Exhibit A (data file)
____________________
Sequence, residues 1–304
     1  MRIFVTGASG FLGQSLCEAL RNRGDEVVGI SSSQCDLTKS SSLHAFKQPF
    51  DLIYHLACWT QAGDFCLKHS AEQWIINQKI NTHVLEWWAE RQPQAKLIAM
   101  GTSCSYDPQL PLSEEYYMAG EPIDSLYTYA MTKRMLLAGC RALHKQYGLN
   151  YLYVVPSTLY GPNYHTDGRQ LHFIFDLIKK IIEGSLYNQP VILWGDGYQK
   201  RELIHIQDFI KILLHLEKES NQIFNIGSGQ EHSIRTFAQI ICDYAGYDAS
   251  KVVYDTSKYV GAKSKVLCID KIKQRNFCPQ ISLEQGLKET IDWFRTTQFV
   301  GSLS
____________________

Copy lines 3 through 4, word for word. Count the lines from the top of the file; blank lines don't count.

    51  DLIYHLACWT QAGDFCLKHS AEQWIINQKI NTHVLEWWAE RQPQAKLIAM
   101  GTSCSYDPQL PLSEEYYMAG EPIDSLYTYA MTKRMLLAGC RALHKQYGLN